Justin Martyr (c 100-165) was one of the earliest Fathers of the Church. Yet he began his career as a pagan philosopher and did not convert to Christianity until he was about 30. Thenceforward he was much concerned with the relation between faith and reason, exploring the differences and similarities between his new religion and the speculative Hellenism in which he had been raised.
Justin was born to Greek parents at Shechem (modern Nablus) in Samaria, the hilly region to the north of Jerusalem. He studied philosophy at Alexandria and Ephesus, but found himself unsatisfied by pagan thinkers.
He discovered that the Stoics confused discipline with truth, that the Peripatetics (or Aristotelians) wanted to be paid, and therefore could hardly be classed as true philosophers, that the Pythagoreans relied overmuch on music and geometry, and that the Platonists talked of God but were unable to identify Him.
Then one day he met an old man by the sea who made him understand that the soul could never arrive at a proper idea of God through human knowledge, but needed to be instructed by teachers who had been inspired by the Holy Ghost. “Thou art a friend of discourse,” the old man told him, “but not of action, nor of truth.”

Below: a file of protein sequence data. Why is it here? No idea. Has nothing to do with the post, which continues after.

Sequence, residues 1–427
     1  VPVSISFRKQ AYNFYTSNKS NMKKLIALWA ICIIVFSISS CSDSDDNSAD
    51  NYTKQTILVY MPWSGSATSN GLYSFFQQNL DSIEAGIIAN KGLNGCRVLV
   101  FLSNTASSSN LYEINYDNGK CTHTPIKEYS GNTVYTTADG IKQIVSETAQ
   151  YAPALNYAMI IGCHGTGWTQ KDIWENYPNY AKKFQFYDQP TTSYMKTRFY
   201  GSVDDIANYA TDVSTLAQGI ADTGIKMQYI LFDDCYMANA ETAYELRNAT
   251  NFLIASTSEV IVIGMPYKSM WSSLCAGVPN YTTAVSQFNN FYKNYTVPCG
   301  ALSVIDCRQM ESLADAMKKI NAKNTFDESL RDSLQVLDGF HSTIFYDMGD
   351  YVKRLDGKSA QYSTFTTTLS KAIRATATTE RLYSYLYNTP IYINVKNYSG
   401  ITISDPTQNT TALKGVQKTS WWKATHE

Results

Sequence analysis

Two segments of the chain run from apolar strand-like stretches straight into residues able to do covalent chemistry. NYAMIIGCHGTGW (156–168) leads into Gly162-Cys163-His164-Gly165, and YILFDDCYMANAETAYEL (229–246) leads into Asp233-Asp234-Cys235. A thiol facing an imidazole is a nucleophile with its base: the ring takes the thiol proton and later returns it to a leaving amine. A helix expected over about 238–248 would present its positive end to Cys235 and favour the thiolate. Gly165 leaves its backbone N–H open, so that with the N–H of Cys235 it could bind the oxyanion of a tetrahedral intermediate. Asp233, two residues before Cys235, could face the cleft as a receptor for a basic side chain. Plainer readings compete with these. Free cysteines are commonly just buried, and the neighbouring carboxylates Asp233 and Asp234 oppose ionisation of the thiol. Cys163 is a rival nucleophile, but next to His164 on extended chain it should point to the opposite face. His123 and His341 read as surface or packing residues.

Justin was also greatly struck by the courage, even the joyfulness, with which Christians at Ephesus faced suffering and martyrdom. The disciples of the Greek philosophers, he noted, certainly would not die for their doctrines. By contrast, the Christians treated God as though He were a friend, not an abstract theory.
And so Justin abandoned the hopes of philosophy for Christian revelation. Once converted, he wrote copiously in defence of his new faith, although only three of his works remain. His two Apologies set forth the moral virtues of Christians, and defend them against ill-informed reproach. These treatises afford valuable information about early Christian practice.
In his other extant work, Dialogue with Trypho the Jew, Justin considers the proper relation between Christianity and Judaism. He allows that Jews may continue to observe the Law after conversion to Christianity, but insists that they should not compel other Christians to follow these traditions.
Justin finally fell foul of the state in Rome, under the Stoic Emperor Marcus Aurelius (161-180). It did not help that he derided the Cynic Crescentius as “that friend of noise and ostentation”.
“If you do not obey,” the prefect Rusticus told Justin, “you will be tortured without mercy.”
“That is our desire,” came the reply, “to be tortured for Our Lord Jesus Christ, and so to be saved, for that will give salvation and firm confidence at the more terrible universal tribunal of Our Lord and Saviour.” He was beheaded, along with five companions.